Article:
As a consequence of this analysis, the paper concludes by emphasizing the need for political organisation and theory to be considered dialectically along the lines of Gogol (2012). It argues that further research into institutions is required to appreciate why some post-neoliberal projects flourish while others fragment.
The paper proposes a modified understanding of the interplay between structure and agency in conceptions of the Bolivian Revolution (2000-2005) and suggests an original approach to resolving the underlying questions that motivate these debates.
The purpose of this study is to provide a political explanation of management, accounting and control (MAC) practices in a traditional and unstable African setting. This…
The purpose of this study is to provide a political explanation of management, accounting and control (MAC) practices in a traditional and unstable African setting. This was done by exploring the influence of latest revolutionary politics in Egypt along with labour dynamics in the context.
Theoretically, the study uses the institutional logics perspective to understand the effects of higher order institutions on corporate management and workers at the micro level. Methodologically, the study adopts an interpretative case study approach. Data were collected using a triangulation of interviews, documents and observations.
The study finds that volatile political settings can have different contradictory implications for MAC practices. It also concludes that revolutionary events play a central role not only in the configuration of MAC practices but also in the mobilisation of labour resistance to these practices.
The study contributes to the literature by investigating the different appearances of MAC practices in a volatile, political or revolutionary context, in contrast to highly investigated stabilised Western contexts. This broadens the definition of the social in the area of accounting and control.
What is the historical, normative and institutional setting that helps leading Latin American and Eurasian countries to implement a post-hegemonic agenda and contribute to…
What is the historical, normative and institutional setting that helps leading Latin American and Eurasian countries to implement a post-hegemonic agenda and contribute to the multipolarization of global politics? Post-hegemony describes a situation in which the unipolar organization of the world political economy is challenged by a plurality of alternative projects, without however being entirely replaced by another system. Emblematic of post-hegemonic initiatives is the rise of the Brazil, Russia, India, China and South Africa countries who have taken the lead in creating alternative institutions that constrain US global hegemony, while however failing to spearhead a coherent, uniform and confrontational opposition movement. Regarding post-hegemonic regionalism, Latin American regionalism – as represented by Bolivarian Alliance for Our America (ALBA) – is characterized by a social justice-driven agenda that refutes US neoliberal hegemony, whereas the peculiarity of Eurasian regionalism – as represented by Shanghai Cooperation Organization – lies in its security-oriented focus that confronts US interventionism and international terrorism. An underlying commonality of both Latin American and Eurasian experiences is that they constitute a multi-front struggle centered on four main areas: culture, economy, financial cooperation, and regional defense. They both hinge on a strong normative framework and firm commitment in the regionalization of an endogenous culture, educational cooperation, and defense system. They all accord primary importance to social, financial, and infrastructural development. Overall, these experiences suffer from unresolved tensions between national sovereignty and supranationalism alongside the predominance of charismatic leaders inhibiting institutionalization. The limitations and contradictions of post-hegemonic transformations also include Latin America’s inability to resolve the question of extractivism, Eurasia’s neglect of the question of democratic participation, and both regionalism’s failure to offer a coherent alternative model of economic development to US hegemonism.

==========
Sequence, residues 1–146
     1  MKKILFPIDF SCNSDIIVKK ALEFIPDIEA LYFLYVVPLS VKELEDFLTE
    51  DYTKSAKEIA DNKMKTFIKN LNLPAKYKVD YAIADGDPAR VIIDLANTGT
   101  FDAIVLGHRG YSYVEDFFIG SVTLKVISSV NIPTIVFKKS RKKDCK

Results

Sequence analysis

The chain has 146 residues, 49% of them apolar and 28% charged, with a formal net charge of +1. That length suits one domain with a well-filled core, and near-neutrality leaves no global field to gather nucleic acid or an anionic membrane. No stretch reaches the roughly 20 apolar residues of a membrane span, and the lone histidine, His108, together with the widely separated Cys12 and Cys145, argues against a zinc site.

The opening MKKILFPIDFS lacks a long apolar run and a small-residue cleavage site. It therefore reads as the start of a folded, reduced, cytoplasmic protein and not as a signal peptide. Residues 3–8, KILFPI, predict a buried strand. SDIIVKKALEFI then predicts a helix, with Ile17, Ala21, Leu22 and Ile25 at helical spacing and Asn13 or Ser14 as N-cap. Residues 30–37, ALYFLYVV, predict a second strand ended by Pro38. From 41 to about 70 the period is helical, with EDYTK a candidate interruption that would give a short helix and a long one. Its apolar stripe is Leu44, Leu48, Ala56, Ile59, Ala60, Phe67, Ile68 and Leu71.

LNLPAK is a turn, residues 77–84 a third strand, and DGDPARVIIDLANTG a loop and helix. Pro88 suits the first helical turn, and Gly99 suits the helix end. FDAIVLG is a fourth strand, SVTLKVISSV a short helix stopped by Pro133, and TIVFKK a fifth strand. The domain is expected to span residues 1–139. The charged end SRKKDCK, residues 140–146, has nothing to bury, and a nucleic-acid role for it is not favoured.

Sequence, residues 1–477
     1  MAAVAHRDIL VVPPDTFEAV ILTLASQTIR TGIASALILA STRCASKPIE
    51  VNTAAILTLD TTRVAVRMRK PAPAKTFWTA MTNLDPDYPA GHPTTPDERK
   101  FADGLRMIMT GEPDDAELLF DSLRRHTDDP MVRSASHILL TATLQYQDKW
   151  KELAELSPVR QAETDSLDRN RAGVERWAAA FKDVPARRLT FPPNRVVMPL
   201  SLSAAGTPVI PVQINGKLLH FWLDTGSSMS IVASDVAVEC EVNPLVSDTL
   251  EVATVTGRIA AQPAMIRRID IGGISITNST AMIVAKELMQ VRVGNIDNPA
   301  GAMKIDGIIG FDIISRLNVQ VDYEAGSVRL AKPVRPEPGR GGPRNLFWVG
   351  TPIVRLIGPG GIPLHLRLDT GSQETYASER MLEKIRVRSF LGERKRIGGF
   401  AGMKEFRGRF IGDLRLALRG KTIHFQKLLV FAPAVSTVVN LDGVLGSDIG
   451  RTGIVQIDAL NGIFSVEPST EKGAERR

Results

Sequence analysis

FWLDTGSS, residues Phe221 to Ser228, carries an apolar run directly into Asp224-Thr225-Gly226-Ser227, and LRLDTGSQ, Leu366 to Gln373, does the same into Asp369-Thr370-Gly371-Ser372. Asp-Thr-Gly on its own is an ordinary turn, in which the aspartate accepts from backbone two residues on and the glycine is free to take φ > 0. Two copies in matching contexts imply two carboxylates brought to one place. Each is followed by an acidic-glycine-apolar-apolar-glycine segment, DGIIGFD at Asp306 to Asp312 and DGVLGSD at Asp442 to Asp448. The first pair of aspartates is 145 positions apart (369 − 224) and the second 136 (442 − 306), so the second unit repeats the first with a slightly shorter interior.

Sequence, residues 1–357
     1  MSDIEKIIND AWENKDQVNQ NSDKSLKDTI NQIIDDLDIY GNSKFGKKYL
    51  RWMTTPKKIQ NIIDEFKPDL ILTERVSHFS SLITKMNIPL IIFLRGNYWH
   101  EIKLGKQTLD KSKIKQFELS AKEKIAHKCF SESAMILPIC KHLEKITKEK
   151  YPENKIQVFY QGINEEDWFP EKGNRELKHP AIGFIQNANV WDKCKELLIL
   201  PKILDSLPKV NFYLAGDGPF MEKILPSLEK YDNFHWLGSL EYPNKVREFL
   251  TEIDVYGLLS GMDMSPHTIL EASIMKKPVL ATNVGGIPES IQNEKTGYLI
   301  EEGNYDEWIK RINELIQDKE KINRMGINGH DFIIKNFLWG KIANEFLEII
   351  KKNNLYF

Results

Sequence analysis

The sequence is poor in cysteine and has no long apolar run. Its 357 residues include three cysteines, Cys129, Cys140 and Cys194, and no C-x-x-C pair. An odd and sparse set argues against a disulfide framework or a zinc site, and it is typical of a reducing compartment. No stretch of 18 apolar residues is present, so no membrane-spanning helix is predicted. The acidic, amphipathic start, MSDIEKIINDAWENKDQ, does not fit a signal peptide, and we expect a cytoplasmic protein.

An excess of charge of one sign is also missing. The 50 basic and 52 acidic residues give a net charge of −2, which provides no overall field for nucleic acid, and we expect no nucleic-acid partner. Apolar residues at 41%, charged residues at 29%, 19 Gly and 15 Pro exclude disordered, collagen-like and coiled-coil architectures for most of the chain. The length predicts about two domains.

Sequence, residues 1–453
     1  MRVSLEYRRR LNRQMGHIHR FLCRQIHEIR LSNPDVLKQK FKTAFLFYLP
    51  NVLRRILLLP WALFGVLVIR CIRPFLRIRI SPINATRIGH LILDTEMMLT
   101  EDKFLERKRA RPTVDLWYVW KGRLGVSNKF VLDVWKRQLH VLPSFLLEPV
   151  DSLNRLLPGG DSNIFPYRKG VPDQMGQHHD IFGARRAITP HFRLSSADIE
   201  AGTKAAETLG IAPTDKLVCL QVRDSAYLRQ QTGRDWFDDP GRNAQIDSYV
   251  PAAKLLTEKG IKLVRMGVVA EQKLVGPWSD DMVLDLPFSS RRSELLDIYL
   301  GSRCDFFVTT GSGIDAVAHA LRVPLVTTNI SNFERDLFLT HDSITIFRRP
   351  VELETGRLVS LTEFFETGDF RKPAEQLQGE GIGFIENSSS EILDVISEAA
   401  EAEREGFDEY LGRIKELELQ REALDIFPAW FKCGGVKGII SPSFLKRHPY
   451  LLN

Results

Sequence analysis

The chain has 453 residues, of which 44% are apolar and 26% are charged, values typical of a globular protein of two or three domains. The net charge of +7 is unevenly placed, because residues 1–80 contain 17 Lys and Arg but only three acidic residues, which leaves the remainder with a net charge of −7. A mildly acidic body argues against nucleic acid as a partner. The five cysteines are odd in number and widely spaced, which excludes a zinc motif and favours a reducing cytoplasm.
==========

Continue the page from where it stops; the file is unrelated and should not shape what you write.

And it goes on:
The Bandung Conference played a constructive role in mobilizing a movement against the bipolar hegemony of the post World War II period. This period, from Yalta (1945) to Malta (1989), can be characterized as an international neo-colonial regime in a post-colonial world. Despite political, economical and cultural differences, the Third World states represented at Bandung called for a counter hegemonic alliance based on the principles of peaceful coexistence (The Pancha Sila).1 These principles enabled cooperation among the states and peoples of Asia and Africa. The Latin American states later joined this non-aligned movement. The principles of peaceful coexistence, which were first proclaimed by India and China, represented an imaginative reformulation of the modern Western framework of international systems established initially by the Peace of Westphalia in 1648. This new framework, which based cooperation among the recently independent states on the Western principles of national sovereignty, stressed mutual respect and benefit in place of the Westphalia premise of international anarchy.